13th Mar 2017
Brain injury is the leading cause of death and disability through injury. It has long been considered that consequences of brain injury is from the impact on brain tissue itself, sometimes complicated by oxygen starvation from other injuries. However rediscovery of research dating back over 300 years has suggested that the effects of Impact Brain Apnoea (IBA) - the cessation of breathing following a traumatic brain injury — could actually be the cause of death and disability in many head injured patients, simply by starving the brain of much needed oxygen in the minutes following injury.
IBA occurs when patients with a head injury stop breathing. This can damage the brain through oxygen starvation and lead to deaths that could be avoided. Animal models have demonstrated that after a brain injury it is common to stop breathing. If no artificial respiration takes place, the animal will not survive. The clinical experience of London's Air Ambulance, alongside others, is providing evidence that this also occurs in humans and early intervention by providing oxygen could prevent death. The authors of the paper, Impact Brain Apnoea - a forgotten cause of cardiovascular collapse in trauma, includes three London's Air Ambulance doctors, who have rediscovered forgotten research dating back to 1705.
Our charity is publicising this research to mark Brain Awareness Week - the global campaign to increase public awareness of the progress and benefits of brain research.
Medical Director at London’s Air Ambulance, Dr Gareth Davies, is one of the authors of the paper. He first noticed the phenomenon in his role as a doctor at motorsport events such as the TT motorcycle races in the Isle of Man, as he would often see head injured patients immediately after the crash occurred.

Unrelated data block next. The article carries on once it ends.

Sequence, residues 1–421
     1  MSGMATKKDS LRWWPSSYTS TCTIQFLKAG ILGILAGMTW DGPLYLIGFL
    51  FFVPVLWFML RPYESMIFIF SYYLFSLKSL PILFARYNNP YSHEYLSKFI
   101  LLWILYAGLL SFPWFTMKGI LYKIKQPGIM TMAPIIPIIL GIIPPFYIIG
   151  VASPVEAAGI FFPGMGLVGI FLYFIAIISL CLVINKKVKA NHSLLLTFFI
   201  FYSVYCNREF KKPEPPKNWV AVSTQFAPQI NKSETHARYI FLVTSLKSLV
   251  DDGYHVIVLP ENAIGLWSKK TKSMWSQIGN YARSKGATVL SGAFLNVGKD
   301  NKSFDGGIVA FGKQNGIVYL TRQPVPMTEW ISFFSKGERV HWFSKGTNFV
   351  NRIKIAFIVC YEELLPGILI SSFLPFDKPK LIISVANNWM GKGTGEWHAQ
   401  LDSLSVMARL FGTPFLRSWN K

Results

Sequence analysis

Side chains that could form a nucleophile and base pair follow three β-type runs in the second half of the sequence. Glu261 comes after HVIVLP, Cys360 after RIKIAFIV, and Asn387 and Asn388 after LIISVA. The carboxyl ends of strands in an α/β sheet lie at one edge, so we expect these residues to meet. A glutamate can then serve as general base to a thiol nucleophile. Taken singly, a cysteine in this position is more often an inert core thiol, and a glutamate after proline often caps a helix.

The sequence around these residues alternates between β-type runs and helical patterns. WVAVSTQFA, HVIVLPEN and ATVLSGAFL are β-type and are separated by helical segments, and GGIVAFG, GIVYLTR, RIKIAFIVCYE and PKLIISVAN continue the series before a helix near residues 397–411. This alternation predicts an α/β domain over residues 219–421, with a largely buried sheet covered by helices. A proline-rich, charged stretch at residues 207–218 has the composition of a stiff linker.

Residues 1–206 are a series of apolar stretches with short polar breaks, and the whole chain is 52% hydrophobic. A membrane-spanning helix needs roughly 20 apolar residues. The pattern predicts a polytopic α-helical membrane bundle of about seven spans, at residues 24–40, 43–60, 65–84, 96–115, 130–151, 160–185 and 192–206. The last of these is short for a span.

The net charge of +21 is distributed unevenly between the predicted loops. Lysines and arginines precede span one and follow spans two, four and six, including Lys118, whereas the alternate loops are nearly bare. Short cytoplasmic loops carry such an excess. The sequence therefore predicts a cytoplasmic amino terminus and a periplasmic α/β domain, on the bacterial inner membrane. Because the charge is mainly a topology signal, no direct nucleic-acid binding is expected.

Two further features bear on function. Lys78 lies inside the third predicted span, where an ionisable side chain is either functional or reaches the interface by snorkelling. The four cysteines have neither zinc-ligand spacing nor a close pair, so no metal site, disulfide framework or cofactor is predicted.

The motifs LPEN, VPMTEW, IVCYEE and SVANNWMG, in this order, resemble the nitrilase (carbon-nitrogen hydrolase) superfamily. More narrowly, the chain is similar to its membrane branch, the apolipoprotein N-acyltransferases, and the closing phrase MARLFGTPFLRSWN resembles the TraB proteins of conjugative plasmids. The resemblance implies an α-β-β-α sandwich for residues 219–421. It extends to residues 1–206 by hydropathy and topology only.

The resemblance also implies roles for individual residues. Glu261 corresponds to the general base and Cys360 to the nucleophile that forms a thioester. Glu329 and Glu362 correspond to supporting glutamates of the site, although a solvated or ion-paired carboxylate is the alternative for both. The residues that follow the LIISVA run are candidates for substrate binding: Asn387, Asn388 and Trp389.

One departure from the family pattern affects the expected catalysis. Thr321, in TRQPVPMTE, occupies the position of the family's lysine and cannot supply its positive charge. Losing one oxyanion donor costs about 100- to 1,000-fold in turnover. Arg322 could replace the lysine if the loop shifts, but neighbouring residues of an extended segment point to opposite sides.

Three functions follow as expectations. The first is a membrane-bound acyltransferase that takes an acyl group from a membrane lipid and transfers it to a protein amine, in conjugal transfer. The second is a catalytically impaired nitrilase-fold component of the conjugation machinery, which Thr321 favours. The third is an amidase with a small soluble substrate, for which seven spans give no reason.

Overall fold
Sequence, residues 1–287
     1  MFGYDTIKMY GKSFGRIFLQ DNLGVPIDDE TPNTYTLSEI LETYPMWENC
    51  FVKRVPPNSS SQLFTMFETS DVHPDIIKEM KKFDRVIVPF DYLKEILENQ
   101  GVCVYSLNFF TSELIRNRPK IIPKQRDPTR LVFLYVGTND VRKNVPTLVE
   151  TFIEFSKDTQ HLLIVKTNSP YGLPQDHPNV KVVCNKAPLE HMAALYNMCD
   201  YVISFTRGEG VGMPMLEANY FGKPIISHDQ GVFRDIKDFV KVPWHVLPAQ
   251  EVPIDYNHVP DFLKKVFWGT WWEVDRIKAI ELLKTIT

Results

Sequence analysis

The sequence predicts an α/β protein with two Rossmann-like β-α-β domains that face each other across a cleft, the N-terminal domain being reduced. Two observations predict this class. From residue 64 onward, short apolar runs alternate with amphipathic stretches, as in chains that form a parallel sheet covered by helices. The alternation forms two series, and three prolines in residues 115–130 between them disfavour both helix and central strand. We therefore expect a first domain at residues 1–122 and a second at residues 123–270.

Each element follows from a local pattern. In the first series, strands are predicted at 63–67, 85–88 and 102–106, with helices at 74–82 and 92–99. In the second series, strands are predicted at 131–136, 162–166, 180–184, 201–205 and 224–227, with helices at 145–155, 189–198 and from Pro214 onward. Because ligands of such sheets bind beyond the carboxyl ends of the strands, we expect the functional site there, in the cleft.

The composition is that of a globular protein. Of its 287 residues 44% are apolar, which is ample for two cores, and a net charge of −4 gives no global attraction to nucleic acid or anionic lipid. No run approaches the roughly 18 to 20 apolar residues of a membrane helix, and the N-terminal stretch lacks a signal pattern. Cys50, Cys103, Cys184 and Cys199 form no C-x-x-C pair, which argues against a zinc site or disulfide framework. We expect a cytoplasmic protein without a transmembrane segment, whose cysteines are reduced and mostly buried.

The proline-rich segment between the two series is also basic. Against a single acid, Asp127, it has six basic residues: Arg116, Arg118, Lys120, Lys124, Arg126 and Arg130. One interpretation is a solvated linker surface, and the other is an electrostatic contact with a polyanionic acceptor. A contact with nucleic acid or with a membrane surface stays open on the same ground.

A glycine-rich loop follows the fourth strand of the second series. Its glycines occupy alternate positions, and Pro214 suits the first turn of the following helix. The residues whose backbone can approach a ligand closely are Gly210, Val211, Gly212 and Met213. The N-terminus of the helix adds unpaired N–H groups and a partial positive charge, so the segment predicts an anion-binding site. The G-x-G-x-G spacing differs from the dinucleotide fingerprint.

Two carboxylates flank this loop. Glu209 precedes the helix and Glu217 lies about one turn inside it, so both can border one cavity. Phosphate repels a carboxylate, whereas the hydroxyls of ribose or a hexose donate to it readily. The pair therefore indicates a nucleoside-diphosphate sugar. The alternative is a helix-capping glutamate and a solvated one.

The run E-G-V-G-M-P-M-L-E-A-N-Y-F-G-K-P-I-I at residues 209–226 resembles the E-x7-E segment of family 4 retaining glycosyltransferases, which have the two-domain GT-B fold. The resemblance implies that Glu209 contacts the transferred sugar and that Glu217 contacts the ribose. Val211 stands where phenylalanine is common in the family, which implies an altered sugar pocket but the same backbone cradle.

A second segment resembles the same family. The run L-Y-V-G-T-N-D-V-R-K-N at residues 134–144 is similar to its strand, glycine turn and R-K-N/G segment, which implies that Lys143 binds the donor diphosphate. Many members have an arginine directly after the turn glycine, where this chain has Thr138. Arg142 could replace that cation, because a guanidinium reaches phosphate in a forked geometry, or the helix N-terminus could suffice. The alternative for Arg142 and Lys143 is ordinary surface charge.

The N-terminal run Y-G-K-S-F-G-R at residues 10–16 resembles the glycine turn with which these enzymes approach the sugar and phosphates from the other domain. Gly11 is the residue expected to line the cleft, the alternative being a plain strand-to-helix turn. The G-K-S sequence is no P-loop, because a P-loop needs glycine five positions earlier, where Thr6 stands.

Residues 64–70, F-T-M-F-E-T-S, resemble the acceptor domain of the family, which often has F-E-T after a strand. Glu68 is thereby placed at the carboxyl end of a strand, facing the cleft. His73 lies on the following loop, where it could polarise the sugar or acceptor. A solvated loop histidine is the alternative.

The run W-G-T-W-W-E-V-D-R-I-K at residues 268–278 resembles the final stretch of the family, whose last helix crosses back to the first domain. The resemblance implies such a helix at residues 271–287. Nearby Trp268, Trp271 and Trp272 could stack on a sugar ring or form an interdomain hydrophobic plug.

Dr Davies said:
“In Brain Awareness Week we want to demonstrate the importance of brain research. Our paper on Impact Brain Apnoea aims to open up new doors into the research of head injury and its effects. We are only really beginning to understand the implications of IBA — not just what it does to the brain but also our understanding of cause of death at scenes of incidents. All of this is such a rich vein of future neuro and cardio vascular research into shock and head injury. We want to make more people aware of the issue of IBA, show that more patients could be saved by recognising the signs, and promote further research.”
Co-author Mark Wilson, London’s Air Ambulance Doctor and Consultant Neurosurgeon at Imperial College London is a co-founder of GoodSAM, an app which alerts first responders to nearby emergencies. He added:
"The first few minutes after head injury are critical. Early interventions to protect the airway and help breathing can make all the difference. Emergency services can get to patients quickly, but often not in the first few minutes, and that's why we created GoodSAM - an app that works with the emergency services to alert those trained to such emergencies nearby. These volunteers provide that hyperacute (airway / breathing) care while the ambulance is en route. Currently it is used for the same reasons for cardiac arrest in London.”